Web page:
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Written by:  Odile Fredericks
Date: May 9, 2012

Do too many kids lack access to health care in Wake County? Some Wake County students say "yes," and they're organizing a rally May 19, in Raleigh, to promote one way they see the problem could be eased.

They're working to help establish a school-based health center (SBHC) near a public school in Wake County, where more than 16,800 residents under 19 years of age lack health insurance, according to data from the U.S. Census Bureau.

The free Hands on School Health Rally will be held from 1 to 4 p.m. May 19 at the Wake County Commons Building at 4011 Carya Drive, in Raleigh, and will feature three hour-long trainings on advocacy and a spoken word performance by the North Carolina-based Sacrificial Poets. Youth who take part can receive community service hours.   Adults are also welcome to attend. To learn more about obtaining community service hours and to register, visit sbhcrally.eventbrite.com.

The students organizing the rally are with Youth Empowered Solutions (YES!), a statewide nonprofit whose mission is to empower students, in partnership with adults, to create community change. For the past two years, the YES! team has researched the health care issue in Wake County, eventually landing on the idea of a school-based health center to improve access for students. Nearly 2,000 school-based student health centers operate nationwide, providing medical and mental health care on school grounds. Although available to serve all students, they primarily care for underserved youth. North Carolina has a strong network of 50 school-based or school-linked health centers, but none exists in Wake County.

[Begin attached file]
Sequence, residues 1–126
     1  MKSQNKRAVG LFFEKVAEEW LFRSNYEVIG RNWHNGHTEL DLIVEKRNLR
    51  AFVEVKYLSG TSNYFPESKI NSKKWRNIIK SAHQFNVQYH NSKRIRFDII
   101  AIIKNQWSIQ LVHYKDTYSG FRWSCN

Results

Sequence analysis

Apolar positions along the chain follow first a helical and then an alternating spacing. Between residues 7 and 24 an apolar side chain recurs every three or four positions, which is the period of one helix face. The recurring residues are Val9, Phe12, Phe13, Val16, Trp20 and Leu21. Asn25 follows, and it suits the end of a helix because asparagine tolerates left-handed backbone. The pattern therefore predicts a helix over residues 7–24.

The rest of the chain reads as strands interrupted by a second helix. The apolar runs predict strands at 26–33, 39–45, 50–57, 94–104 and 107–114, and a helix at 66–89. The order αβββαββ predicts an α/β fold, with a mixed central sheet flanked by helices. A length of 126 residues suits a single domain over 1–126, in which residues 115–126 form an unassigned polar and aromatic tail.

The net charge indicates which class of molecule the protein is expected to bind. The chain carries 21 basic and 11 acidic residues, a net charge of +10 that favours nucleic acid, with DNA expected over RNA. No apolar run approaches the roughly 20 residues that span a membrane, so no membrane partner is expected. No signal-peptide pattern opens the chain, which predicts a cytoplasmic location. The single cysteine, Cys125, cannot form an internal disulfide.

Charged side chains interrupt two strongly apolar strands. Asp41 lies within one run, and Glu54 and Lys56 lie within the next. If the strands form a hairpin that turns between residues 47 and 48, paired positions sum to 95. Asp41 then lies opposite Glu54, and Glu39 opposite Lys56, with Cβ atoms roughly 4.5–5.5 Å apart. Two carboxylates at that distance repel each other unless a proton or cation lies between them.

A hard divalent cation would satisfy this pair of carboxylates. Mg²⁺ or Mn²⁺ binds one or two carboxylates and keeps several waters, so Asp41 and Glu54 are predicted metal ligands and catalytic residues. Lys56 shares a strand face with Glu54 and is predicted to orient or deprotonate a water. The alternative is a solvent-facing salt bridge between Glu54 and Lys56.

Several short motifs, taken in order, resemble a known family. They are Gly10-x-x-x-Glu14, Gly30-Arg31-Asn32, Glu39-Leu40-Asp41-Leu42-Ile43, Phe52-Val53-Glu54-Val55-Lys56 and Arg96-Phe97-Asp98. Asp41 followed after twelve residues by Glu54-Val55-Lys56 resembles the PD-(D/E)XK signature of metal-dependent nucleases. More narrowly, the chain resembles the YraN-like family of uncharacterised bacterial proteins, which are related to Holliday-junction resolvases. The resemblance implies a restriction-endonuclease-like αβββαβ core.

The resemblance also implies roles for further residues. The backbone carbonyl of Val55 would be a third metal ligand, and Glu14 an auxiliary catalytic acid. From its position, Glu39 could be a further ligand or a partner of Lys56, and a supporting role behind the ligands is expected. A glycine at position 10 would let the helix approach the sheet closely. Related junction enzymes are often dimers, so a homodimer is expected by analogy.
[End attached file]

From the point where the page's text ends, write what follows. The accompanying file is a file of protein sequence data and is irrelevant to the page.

Federal funding of up to $500,000 exists for such a center through the Affordable Care Act, which allocates money to school-based health centers to be safety net providers. The students also hope to bring together strategic partners in Wake County's health care community to pitch in with funding.

The YES! team is now working on a proposal for the Wake County Board of Education and hopes that the rally will demonstrate community-wide support for a school-based health center. They've gathered more than 2,000 petition signatures in support of the center and about 500 postcards, which will be mailed to Wake County school board members. On the postcards, Wake County parents and students shared ways they believe a school-based health center would help them and their families.

Visit Wake Students Build Support for a School Based Health Center to discover why students think a center will help them and their families.



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